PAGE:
NewsBlack History Month


How the legacy of Colorado’s first Black surgeon lives on in Denver’s Five Points

Dr. Bernard F. Gipson Sr.’s accomplishments – from treating Dr. Martin Luther King Jr. to having a clinic named after him – defied racism and continue to inspire
Dr Bernard Gipson
Posted at 5:45 PM, Feb 23, 2024
and last updated 2024-02-23 21:14:23-05

DENVER — A portrait hanging on the wall reminds Candace Lartigue of who came before.

“When I walk in the doors here, I am part of a legacy,” said Lartigue, a nurse practitioner at Denver Health’s Eastside Family Health Center.

In the heart of the historic Five Points neighborhood, African American history runs deep. And at the country’s second oldest community health clinic, that history revolves around one man: Dr. Bernard F. Gipson Sr.

“As a Black woman working in healthcare, you don't see a ton of representation,” Lartigue said. Even today, “you don't see a lot of Black surgeons.”

Especially not like Dr. Gipson, who became one of the first Black surgeons in the country, at a time when African Americans were deep in the Civil Rights movement.

“There have been a ton of contributions to civil rights, to the health equity movement, to social justice, coming out of Denver,” she said. And Dr. Gipson played a part.

“He actually took care of Dr. Martin Luther King, I think it was a second visit out here, for altitude sickness,” Lartigue said.

Dr Gipson portrait
A portrait of Dr. Bernard F. Gipson Sr. hangs in the Denver Health Eastside Family Health Center, which bears his name.

Denver7 wanted to learn more about Dr. Gipson’s life and legacy. That’s when we discovered that the man himself preserved his story before he died.

Tucked away into boxes donated to the Blair-Caldwell African American Research Library, photographs, letters and certifications share a glimpse of his monumental achievements.

“People see the black and white photos and they're like, ‘Oh yeah, that was a long time ago’ and we're like 'No, no,'” said Dexter Nelson III, the library’s museums and archives supervisor.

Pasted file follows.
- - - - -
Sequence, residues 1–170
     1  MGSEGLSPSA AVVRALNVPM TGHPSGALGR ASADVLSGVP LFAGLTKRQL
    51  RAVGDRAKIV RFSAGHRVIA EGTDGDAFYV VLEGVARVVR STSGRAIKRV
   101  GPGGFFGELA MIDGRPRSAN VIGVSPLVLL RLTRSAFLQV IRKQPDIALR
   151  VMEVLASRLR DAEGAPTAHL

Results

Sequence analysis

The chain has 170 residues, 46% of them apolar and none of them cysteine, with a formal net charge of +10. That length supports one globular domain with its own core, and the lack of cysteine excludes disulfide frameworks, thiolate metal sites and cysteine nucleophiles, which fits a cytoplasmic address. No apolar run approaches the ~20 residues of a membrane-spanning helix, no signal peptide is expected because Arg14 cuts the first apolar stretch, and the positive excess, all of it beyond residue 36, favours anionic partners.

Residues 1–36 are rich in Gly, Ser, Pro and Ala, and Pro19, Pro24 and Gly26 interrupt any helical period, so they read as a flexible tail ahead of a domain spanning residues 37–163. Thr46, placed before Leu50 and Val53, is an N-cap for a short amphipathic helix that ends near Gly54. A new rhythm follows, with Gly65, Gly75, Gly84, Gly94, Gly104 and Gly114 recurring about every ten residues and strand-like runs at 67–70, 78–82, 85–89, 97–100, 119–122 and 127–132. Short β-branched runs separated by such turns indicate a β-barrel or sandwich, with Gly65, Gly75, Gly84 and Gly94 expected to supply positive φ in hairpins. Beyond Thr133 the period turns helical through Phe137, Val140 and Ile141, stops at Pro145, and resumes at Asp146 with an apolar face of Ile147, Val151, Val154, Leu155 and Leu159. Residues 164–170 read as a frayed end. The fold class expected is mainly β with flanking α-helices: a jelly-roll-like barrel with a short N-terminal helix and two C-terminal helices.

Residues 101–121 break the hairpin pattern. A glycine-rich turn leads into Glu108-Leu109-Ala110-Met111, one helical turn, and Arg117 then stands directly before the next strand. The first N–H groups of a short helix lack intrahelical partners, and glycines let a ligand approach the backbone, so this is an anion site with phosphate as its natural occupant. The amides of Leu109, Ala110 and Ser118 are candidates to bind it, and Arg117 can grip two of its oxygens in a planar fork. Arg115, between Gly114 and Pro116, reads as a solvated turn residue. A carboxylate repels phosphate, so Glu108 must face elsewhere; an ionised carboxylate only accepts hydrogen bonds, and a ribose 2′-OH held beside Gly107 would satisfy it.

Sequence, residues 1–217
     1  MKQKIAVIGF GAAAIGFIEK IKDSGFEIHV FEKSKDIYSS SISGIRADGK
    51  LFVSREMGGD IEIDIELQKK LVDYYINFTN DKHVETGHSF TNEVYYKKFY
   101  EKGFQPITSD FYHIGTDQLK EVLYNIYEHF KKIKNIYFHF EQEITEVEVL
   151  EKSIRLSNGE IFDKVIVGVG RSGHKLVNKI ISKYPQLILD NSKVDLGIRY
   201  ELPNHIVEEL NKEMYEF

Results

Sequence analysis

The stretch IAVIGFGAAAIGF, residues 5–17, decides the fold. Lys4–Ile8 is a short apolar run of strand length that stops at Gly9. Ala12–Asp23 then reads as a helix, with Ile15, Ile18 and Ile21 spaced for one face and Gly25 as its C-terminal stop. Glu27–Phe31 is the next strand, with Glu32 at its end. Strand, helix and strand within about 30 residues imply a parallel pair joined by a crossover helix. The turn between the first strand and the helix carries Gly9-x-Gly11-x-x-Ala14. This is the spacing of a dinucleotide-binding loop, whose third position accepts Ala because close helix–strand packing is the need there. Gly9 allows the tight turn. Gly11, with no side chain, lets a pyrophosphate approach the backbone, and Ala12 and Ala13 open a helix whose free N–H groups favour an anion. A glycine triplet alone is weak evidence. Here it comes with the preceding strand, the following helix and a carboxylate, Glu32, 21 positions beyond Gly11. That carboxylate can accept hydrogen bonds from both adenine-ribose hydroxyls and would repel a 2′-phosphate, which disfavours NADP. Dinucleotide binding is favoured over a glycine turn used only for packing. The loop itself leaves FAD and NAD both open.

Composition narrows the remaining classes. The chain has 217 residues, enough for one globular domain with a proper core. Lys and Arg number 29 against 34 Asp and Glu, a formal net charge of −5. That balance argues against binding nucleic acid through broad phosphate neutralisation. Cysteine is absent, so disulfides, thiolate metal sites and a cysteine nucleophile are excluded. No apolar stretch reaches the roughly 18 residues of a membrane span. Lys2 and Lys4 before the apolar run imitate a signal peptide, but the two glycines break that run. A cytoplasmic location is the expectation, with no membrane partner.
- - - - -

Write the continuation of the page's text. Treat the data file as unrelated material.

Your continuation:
Nelson and his team are dedicated to preserving Denver’s African American history, but even they hadn’t heard of Dr. Gipson.

When they pulled these boxes from the archives, we learned about the doctor together.

Blair Caldwell archives
At the Blair-Caldwell African American Research Library, the legacy of Dr. Bernard F. Gipson Sr. lives on in boxes of photographs, letters and other physical markers of his accomplishments.

The most stunning part of the collection: Audio recordings of Dr. Gipson telling his own life story 50 years ago.

“I was really just blown away with his tenacity,” Nelson said.

Gipson was born in Texas in the 1920s, as the youngest of nine children. He grew up poor, but his family rallied around him to get an education.

In the audio recordings, Dr. Gipson said his career in medicine began when he was only 11or 12 years old.

A Black doctor visited his town, and later performed life-saving surgery on him. Dr. Gipson said, “to influence a youngster like I was at that time, with no money, that I become educated... does go to show, as we move along in life, that we must be careful because you can't tell who is watching and may get an idea.”

But his journey would be long, and rife with racism.